Bethany Disque | Considerations Of A Dancer

To be a dancer…is such a loaded question. I mean, it’s expressing yourself through movement – which makes more people dancers than not. Because of modern and all the abstract kinds of dance that have developed over time, anything goes -we’re all dancing-. We move every day, no?

When I’m working on a dance, I take people on considering the wheelhouse they already have and play to those details and nuances. The other side of this is the dancer’s role to adapt and have a willingness to be versatile -they’ll find a way to make that movement work on their body-. It can go a few different ways being a part of someone else’s choreography: sometimes the choreographers want the dancers to move in a specific way and they’ll work on those movements until uniformly perfected. Others will give you material and welcome individual style. I’ve found there is value to stepping out of my own comfort zone and becoming a part of that movement which can be incredible.

I was a part of an abstract team where we’d create material together; there was space to offer ideas and suggestions and the choreographers would learn from us too. Trying this… doing that… trial and error of new ideas through rehearsal and development. This all is dependent on the space and location, which can be the best and most challenging part of performing.

Often when going to different spaces there will be a need for adjustment based on the lighting that is available, the shape of the stage, the number of audience members; and every one of these details must be considered. Part of this is the lighting; I’ve structured entire dances simply inspired by light. Thinking of how it spreads and fills surfaces, yet also guides and structures visual focus achieves really the most engaging results.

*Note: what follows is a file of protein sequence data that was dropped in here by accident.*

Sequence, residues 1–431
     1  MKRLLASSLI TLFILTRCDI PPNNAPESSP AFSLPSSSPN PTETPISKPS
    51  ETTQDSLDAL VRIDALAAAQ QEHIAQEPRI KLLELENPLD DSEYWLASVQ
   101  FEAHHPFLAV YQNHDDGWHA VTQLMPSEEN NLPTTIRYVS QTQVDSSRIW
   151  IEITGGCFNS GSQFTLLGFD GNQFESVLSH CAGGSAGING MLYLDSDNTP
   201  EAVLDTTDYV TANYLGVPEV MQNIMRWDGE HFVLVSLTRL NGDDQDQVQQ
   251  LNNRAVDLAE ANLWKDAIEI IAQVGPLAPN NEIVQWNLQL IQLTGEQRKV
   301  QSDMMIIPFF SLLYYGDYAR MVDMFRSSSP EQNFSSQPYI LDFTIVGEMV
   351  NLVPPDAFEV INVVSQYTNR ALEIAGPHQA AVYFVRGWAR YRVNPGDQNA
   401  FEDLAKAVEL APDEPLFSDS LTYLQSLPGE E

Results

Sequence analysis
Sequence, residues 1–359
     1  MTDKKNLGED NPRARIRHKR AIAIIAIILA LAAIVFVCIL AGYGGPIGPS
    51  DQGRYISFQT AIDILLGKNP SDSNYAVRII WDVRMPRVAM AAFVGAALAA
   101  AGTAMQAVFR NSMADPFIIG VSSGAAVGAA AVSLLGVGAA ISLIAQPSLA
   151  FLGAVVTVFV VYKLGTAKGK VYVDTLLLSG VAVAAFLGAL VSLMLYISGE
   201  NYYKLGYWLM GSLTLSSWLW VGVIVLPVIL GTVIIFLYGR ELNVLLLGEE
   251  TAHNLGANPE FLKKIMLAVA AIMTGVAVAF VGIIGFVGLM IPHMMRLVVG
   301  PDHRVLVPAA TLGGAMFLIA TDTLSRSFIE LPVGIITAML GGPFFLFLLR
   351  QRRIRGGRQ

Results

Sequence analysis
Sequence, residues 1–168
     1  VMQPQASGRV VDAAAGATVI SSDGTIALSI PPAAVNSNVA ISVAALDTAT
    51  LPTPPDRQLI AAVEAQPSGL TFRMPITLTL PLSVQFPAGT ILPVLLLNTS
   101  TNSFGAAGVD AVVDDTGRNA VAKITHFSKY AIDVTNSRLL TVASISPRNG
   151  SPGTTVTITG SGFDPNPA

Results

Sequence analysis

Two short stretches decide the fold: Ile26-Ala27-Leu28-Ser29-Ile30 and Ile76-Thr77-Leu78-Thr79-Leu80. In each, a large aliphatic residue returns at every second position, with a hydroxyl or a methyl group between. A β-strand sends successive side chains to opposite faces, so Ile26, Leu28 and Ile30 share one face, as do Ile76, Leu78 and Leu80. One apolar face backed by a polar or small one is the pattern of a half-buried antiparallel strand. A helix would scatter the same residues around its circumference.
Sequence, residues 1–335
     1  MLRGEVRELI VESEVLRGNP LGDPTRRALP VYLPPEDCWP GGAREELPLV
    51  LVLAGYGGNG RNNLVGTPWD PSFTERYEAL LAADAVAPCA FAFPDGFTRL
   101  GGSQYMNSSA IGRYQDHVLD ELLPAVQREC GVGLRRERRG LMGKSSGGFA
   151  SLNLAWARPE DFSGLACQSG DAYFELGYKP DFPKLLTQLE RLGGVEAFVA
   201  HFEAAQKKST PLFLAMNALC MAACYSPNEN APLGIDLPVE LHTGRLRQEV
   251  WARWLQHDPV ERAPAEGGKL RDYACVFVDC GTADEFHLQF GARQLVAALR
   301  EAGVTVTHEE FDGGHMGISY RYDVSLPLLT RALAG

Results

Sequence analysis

It’s always evident when you watch a performance where presence is successful or not.  With less people, there is less detail and as such the movement must be louder. LOUD dancing…something that can be achieved by inflating and retracting in different formations of the stage. Facilitating visual travel across the stage takes the audience around with you. The conversation and consideration of space seems to be the most important aspect when trying to connect the art, the persons, and the performance.

With site-specific works- it becomes entirely about that conversation with the place: with the benches of a park, with a hook on a wall, skipping over a step… you’re playing, really. The surroundings guide you through –sparking imagination as a subconscious experience.  Surrounded by people performing in the round and all sides on display, every bit of light considered, we all move and curate the environment we’re occupying.